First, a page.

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Originally published on   scienceworldreport.com Many young aspiring scientists question if they need a Ph.D. to conduct research. Even though the conventional belief is that you need to be a doctor to succeed, a few scientists have historically managed to become famous without a doctorate. Here,  Kevin Dalby - a professor of chemical biology and medicinal chemistry at The University of Texas in Austin , answers whether you need a Ph.D. to become a researcher and features a few outliers - scientists who never got their Ph.D. but became successful and even famous. One way to think about obtaining a Ph.D. is to envision that your career as a scientist is a 12,000-foot mountain, and you are standing at the base. What you want to achieve, the discoveries you want to make, and the papers you would like to publish are all at, or near, the top of the mountain. There is a chair lift running to a point near the top of the mountain, and a doctorate is your lift ticket. It will take several more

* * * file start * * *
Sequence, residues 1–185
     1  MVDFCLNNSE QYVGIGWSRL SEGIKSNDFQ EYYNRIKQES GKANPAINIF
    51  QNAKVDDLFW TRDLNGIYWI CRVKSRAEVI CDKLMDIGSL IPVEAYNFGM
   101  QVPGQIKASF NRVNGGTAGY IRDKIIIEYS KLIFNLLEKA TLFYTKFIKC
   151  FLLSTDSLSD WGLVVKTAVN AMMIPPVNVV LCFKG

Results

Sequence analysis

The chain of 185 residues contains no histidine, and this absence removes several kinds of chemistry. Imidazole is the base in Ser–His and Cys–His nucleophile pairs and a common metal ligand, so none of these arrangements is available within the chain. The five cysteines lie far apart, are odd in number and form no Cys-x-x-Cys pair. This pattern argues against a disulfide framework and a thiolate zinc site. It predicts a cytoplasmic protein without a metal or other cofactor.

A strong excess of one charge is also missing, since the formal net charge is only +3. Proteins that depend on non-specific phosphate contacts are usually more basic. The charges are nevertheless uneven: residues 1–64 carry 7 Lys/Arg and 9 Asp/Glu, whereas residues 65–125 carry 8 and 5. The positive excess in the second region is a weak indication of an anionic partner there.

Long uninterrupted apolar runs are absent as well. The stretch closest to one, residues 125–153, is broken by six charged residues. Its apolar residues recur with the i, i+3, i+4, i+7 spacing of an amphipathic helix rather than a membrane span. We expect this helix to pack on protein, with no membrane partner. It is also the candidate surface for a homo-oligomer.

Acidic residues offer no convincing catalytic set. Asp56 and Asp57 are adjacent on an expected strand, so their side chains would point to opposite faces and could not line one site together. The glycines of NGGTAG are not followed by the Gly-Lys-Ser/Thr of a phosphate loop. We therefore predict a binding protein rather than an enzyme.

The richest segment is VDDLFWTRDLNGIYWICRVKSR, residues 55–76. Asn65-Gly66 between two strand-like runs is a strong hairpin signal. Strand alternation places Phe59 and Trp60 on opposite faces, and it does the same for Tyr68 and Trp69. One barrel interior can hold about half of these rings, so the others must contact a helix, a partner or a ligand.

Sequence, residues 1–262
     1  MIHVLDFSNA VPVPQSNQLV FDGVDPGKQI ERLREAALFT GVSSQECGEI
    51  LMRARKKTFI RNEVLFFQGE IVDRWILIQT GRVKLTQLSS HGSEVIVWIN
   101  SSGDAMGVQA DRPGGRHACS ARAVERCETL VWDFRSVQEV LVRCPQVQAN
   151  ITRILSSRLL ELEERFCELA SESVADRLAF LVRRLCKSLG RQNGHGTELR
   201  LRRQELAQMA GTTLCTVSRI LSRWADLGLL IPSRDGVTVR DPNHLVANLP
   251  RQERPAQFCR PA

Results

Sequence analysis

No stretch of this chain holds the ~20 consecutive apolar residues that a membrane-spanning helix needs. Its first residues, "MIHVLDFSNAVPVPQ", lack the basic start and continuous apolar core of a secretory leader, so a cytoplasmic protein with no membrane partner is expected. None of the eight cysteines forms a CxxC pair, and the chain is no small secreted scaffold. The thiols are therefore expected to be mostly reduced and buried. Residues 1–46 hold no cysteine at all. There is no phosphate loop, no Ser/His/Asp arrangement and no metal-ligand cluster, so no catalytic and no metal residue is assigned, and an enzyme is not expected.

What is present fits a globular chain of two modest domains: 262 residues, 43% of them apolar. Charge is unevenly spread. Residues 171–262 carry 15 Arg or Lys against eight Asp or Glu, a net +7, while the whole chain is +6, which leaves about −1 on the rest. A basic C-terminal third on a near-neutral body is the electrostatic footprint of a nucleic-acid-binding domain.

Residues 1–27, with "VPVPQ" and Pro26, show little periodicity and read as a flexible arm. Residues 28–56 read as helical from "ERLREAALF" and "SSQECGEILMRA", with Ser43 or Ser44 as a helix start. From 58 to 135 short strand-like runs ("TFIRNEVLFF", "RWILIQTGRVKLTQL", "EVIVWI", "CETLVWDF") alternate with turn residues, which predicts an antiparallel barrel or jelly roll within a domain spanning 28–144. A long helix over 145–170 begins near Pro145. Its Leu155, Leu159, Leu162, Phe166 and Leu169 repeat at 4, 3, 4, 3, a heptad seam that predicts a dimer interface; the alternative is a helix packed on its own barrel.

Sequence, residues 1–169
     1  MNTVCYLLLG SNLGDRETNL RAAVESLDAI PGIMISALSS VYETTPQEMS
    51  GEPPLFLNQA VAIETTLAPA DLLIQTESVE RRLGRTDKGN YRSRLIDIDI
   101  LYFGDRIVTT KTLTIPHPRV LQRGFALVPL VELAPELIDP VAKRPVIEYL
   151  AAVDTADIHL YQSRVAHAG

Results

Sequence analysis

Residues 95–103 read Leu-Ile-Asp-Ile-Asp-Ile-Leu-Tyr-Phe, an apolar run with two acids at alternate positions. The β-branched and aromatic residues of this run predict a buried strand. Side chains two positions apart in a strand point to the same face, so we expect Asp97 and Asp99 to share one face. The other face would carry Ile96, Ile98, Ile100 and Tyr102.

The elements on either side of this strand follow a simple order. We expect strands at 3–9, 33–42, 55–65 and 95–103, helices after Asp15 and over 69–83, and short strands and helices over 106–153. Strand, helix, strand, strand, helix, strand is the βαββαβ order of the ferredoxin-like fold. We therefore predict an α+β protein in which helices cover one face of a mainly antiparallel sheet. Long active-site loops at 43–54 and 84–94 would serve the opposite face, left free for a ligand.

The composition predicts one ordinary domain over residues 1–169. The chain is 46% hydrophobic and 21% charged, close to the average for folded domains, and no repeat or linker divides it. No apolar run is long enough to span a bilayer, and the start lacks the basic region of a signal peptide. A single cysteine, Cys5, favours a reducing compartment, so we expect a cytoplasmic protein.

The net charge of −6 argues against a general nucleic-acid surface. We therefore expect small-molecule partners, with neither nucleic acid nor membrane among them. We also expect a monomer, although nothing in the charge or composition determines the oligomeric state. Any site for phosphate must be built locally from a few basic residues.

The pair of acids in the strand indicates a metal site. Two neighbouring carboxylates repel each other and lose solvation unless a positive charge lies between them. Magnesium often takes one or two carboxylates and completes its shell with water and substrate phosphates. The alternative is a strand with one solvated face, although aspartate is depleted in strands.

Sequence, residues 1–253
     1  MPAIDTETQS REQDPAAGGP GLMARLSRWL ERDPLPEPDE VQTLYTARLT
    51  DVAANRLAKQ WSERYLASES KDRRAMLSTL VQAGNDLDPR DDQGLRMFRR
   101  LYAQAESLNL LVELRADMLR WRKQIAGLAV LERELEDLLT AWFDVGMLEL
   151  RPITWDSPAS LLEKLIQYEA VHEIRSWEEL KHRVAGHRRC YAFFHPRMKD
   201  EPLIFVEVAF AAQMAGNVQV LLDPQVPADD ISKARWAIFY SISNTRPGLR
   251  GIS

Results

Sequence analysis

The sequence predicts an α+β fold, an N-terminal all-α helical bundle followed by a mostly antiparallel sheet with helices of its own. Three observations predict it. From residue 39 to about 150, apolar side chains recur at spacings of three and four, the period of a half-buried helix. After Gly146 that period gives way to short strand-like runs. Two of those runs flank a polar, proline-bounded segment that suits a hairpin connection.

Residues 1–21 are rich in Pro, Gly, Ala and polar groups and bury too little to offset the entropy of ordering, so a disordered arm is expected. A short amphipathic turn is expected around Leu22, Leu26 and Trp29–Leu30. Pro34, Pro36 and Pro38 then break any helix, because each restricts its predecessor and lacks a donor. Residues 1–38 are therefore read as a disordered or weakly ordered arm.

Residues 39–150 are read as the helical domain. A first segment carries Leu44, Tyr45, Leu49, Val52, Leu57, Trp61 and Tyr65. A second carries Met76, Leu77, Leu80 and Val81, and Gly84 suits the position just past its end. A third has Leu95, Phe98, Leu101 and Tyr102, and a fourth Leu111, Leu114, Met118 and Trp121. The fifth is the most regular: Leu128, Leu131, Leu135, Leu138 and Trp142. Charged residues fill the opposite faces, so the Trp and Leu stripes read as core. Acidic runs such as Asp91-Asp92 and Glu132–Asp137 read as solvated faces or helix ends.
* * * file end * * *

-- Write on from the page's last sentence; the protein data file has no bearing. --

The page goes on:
Cancer Drug Researcher Kevin Dalby Shares Five Interesting Facts About Cancer

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  Originally published on   iwdn.net Cancer research continues to evolve, generating new fascinating discoveries daily. Over the past few decades, our understanding of cancer has improved significantly. Here,  Austin, TX professor Kevin Dalby  reveals five interesting facts about cancer you may not have heard of before.   Fact #1. In 2019 the  five most common cancer types  that killed women were lung & bronchus, breast, colon & rectum, pancreas, and ovary. For men, the most common cancers are lung & bronchus, prostate, colon & rectum, pancreas, and liver & intrahepatic bile duct.   Fact #2. Even though 67% of Americans diagnosed with cancer survive five or more years, cancer is the  second leading cause of death  globally. It accounted for 1 in 6 deaths worldwide and was responsible for an estimated 9.6 million deaths in 2018.   Fact #3. The  Skin Cancer Foundation reports  that there are more than 419,000 new skin cancer cases each year that are attributable to in